By Vladimir Kovalev
Earlier this year, Russian Prime Minister Dmitry Medvedev noted that Russian oil and gas operators’ attempts to explore the northern sea shelf were proceeding rather slowly. Exploration work in the Russian section of the Arctic has been 10 times less extensive than in the US section of the Chukchi Sea and 20 times less than in the Norwegian Arctic shelf, he was quoted as saying by RBC Daily.
Moscow may now be trying to remedy the matter. The Russian government has reportedly decided to accede to the requests of major state-controlled oil and gas operators to amend the federal tax code in order to generate additional funding for exploration of crude oil and natural gas deposits on the northern sea shelf.
Rosneft’s new project
Following reports of the Kremlin’s decision to reduce tax rates for new Arctic sites, state-owned Rosneft, Russia’s largest oil producer, announced that it had begun seismological research work in the Barents Sea, in co-operation with its Italian partner Eni.
The partners are slated to explore several sections of the Tsentralno-Barentsevsky Block, which may hold 7 billion barrels of oil equivalent, as well as the nearby Fedynsky deposit, which could contain more than 18 billion boe.
The sites may be home to nearly 15 billion barrels of oil and 1.9 trillion cubic metres of gas.
Using previously collected 2-D seismic data, Russian experts have identified 10 promising structures. However, it may take about 10 years to explore these structures thoroughly.
Rosneft has indicated that it intends to drill the first exploration well at the Fedynsky deposit in 2017, with additional seismological research to continue in 2018. Another well is slated to be drilled by 2020, and if the results are positive, a third well will be drilled at the block by 2025.
At Tsentralno-Barentsevsky, meanwhile, the first well is scheduled to be completed by 2021 and a second well by 2026, according to InvestCafe, a Moscow-based investment company.
In the exploration phase of this project, Eni will fund up to US$1.4 billion in new exploration expenses; it will also cover Rosneft’s previous expenditures in the area. But in the development phase, the Russian firm will be responsible for covering 66.7% of costs, while its Italian partner will carry 33.3%.
Since the total cost of exploring and developing the two blocks is anticipated to reach US$50-70 billion, Rosneft’s outlays will be quite high. Under these conditions, the company’s request for tax breaks seems reasonable.
Grigory Birg, an analyst at InvestCafe, noted that the Arctic projects were likely to be very expensive. “Production costs for crude oil on the Arctic shelf could reach US$40-50 per barrel, which is one and a half to two times higher than in Russia, on average,” he told NewsBase.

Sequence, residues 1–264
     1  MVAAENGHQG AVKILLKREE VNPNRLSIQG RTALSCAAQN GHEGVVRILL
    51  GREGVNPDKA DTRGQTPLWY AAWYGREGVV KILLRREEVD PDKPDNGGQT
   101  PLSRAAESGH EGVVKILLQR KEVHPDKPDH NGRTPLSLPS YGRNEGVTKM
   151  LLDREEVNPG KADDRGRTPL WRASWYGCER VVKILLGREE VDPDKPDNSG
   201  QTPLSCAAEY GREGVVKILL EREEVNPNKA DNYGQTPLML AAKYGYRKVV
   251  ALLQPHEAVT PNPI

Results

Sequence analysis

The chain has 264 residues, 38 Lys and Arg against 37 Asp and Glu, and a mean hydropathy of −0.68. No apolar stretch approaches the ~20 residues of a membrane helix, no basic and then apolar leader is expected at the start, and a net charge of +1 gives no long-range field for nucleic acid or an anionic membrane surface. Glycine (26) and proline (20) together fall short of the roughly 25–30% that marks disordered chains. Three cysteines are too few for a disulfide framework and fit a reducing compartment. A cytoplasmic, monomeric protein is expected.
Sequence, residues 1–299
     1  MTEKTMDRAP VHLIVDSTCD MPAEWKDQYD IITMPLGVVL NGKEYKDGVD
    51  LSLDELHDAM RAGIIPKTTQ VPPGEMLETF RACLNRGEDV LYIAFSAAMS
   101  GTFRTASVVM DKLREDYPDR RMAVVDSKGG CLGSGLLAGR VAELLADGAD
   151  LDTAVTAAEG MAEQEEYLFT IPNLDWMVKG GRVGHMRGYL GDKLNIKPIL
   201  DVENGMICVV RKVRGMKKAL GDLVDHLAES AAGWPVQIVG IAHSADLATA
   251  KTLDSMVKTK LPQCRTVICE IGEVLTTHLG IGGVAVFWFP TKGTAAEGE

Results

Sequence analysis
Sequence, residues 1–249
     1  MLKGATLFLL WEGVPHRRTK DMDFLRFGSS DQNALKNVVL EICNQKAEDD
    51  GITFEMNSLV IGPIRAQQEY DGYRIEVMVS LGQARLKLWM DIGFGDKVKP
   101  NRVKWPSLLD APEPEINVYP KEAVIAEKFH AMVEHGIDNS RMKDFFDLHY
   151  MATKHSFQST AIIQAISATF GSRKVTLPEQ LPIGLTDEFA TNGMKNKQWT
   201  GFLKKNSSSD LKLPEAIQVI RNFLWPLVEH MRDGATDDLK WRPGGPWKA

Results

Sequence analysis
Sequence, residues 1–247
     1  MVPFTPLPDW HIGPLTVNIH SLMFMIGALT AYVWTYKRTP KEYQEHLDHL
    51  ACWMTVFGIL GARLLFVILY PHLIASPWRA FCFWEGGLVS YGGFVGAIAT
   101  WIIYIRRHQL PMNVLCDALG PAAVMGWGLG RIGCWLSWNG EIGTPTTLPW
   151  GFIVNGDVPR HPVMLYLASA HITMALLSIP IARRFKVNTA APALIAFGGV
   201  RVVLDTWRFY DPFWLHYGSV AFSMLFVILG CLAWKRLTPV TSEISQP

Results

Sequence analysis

The amendments to the tax code take such difficulties into account, Birg said, and the extent of the concessions will hinge on the complexity of the sites in question. The legislation defines several categories of eligible sites and states which licence areas qualify for tax breaks, “including rates of 5-30% for production taxes [and] zero export duty, as well as zero [import] duty and VAT for imported equipment,” he said.
He added: “The government will also guarantee the shelf operators that the tax code will not be changed within a period of five to 15 years. This would enable the companies to make shelf projects profitable.”
However, Rosneft and its partner will still face serious obstacles.
One of the main challenges will be the extreme weather conditions that prevail in the area. Eni and Rosneft will only be able to work for two months each year, when the northern seas are free of ice, according to Vladimir Vovk, a scientist at the Gubkin Oil and Gas Institute in Moscow.
“The most serious problem on the Arctic shelf is the lack of drilling technology and equipment, as well as the very short length – only two months – of the ice-free season,” he was quoted as saying by Oilru.com. This means that investors must have access to the technologies and equipment needed to carry out geological research, to conduct exploration and development drilling and to extract oil and gas from sites that are not only underwater but surrounded by ice, he explained.
Nevertheless, work is moving forward on several projects. In June of this year, for example, Rosneft announced that it was starting seismological research work at the Lisyansky, Kashevarovsky and Magadan-1 sites in co-operation with Norway’s Statoil. The partners set up a joint venture for the project in 2013 on roughly the same terms as the Rosneft-Eni deal. The sites may hold as much as 1.74 trillion tonnes of oil equivalent.
Then in the first half of July, Gazprom, the state-controlled gas monopoly, was awarded exploration licences for sites in the Barents and Kara Seas. The company is likely to team up with a foreign partner, owing to the extremely complex nature of these sites.